- A Dolby Digital soundtrack consists of six channels: left channel (L), center channel (C), right channel (R), left surround channel (LS), right surround channel (RS), and subwoofer(s).
- A PCM soundtrack consists of two channels: the left channel (L) and the right channel (R).
Dolby Digital vs. PCM: What Are the Differences?
So far, we understand the fundamental dynamics of Dolby Digital and PCM, but you need an in-depth illustration of their features, pros, and cons.
What is Dolby Digital?
Dolby Digital is a 5.1 surround sound format that has become popular for playing DVDs and Blu-ray discs on home theater systems. It uses an encoded audio signal that contains both the front left, center, and right channels and the surrounding left, surrounding right, and subwoofer channels.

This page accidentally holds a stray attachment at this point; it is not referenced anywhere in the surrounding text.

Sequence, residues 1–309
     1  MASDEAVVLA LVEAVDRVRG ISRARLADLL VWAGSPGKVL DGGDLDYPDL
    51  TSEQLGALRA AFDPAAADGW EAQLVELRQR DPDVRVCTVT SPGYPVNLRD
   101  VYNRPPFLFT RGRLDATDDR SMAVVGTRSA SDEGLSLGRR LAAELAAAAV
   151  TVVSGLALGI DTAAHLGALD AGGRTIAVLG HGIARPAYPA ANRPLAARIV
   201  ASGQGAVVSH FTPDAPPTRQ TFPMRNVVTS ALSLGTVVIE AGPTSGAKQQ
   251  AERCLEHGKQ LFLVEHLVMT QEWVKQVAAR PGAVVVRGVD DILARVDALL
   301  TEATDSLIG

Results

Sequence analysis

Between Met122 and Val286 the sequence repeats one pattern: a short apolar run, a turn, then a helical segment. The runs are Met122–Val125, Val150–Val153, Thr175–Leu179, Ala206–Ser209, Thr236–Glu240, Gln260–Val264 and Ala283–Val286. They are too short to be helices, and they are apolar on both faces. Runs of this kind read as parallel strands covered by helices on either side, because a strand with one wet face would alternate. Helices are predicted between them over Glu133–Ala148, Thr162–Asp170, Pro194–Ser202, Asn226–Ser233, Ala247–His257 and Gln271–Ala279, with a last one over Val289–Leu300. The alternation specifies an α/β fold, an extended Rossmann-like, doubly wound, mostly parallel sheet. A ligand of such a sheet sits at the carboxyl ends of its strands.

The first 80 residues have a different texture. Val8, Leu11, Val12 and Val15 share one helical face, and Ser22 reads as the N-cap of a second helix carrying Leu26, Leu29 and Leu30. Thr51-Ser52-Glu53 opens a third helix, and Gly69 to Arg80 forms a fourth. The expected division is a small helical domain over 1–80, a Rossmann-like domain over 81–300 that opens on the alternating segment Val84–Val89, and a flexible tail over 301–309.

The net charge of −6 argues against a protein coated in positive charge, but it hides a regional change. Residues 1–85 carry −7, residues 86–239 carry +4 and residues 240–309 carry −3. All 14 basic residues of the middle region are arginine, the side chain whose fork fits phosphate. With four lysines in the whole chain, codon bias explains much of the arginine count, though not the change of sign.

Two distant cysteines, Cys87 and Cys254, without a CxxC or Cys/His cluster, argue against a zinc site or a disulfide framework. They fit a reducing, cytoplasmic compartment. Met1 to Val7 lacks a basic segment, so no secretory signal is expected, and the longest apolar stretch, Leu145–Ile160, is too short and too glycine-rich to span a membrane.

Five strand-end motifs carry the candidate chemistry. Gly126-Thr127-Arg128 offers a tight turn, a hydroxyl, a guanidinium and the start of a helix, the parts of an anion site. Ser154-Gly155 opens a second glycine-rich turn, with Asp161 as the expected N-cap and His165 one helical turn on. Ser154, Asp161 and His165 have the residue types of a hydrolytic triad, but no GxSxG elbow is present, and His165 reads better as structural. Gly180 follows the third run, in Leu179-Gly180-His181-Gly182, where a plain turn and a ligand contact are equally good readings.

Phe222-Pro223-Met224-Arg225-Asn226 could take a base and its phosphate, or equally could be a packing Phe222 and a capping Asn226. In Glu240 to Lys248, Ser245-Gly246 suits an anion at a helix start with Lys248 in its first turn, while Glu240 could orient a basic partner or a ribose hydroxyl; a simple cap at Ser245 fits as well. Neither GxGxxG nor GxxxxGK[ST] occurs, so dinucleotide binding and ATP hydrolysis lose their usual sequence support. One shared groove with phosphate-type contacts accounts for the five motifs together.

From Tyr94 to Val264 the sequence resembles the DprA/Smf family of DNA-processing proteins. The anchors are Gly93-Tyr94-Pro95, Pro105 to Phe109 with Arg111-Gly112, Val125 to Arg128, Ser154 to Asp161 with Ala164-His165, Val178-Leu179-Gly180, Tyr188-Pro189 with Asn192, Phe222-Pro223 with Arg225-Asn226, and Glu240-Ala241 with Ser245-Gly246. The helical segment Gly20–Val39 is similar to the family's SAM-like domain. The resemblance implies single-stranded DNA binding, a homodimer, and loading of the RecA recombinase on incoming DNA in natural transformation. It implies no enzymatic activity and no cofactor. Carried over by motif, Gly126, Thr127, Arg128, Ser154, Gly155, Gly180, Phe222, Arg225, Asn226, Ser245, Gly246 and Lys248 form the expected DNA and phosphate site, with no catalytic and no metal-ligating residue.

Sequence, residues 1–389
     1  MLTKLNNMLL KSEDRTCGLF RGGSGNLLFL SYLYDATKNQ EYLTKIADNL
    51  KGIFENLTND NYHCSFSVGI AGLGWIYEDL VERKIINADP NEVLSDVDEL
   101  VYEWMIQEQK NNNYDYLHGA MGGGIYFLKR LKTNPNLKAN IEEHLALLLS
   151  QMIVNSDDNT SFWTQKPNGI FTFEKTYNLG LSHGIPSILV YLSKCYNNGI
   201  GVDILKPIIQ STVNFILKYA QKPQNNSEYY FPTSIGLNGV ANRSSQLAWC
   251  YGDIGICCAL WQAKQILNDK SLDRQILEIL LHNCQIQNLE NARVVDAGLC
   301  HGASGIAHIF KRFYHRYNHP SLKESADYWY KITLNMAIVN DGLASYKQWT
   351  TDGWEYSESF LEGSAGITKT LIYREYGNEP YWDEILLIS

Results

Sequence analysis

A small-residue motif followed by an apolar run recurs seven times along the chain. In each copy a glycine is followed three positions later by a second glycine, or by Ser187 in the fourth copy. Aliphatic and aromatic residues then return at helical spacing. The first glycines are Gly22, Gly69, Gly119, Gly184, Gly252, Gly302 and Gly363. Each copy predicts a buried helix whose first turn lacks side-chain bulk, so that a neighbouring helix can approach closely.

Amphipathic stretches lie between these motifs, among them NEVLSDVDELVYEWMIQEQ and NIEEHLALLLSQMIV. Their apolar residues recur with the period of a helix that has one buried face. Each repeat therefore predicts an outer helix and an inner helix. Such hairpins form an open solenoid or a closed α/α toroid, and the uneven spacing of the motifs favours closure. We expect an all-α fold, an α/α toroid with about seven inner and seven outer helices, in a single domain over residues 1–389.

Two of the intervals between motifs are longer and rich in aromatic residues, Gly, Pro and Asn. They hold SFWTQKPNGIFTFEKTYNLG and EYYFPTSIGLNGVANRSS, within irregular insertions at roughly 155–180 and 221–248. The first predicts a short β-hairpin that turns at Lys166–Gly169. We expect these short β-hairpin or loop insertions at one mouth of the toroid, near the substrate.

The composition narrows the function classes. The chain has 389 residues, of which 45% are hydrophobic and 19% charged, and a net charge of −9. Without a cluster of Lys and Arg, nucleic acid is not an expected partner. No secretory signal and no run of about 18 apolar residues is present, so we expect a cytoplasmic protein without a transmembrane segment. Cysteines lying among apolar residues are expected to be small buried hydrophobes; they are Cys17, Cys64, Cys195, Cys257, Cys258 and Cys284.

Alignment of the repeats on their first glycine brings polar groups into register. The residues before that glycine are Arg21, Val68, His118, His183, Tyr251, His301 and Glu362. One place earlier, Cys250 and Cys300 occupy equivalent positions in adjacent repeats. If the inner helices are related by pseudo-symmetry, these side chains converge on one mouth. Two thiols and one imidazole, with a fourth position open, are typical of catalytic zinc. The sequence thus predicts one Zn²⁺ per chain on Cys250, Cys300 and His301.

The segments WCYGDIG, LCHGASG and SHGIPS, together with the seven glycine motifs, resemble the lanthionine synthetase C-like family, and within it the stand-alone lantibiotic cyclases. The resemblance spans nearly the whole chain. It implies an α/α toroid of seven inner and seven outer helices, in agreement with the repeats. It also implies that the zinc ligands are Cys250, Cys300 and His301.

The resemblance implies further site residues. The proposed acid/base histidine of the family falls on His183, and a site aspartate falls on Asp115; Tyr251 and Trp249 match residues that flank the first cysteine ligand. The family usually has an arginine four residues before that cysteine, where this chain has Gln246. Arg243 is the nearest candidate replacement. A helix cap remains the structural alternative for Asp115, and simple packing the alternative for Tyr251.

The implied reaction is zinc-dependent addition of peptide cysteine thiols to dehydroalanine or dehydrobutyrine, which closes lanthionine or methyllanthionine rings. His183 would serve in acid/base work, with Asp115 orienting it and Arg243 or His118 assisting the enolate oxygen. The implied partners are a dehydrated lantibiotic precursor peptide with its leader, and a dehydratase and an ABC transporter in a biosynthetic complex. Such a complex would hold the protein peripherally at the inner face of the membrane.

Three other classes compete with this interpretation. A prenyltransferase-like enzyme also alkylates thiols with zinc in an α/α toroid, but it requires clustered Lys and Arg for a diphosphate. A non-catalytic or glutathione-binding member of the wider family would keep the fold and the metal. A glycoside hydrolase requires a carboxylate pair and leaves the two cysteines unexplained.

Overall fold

Dolby Digital has many features that separate it from the competition.
Dolby Digital offers an uncompressed audio format that delivers the highest quality sound. Dolby Digital is a lossless format and does not lose any information passing through a transmission or storage medium. The result is that your music will sound as good as it does in your home or office, even at higher volumes.
Advanced Noise Reduction
Dolby Digital uses advanced noise reduction technology to produce a better-quality image with less background noise. It means you can enjoy movies without turning the volume up too high to drown out sounds from other sources—like people talking or street traffic—which can occur with non-Dolby Digital sources.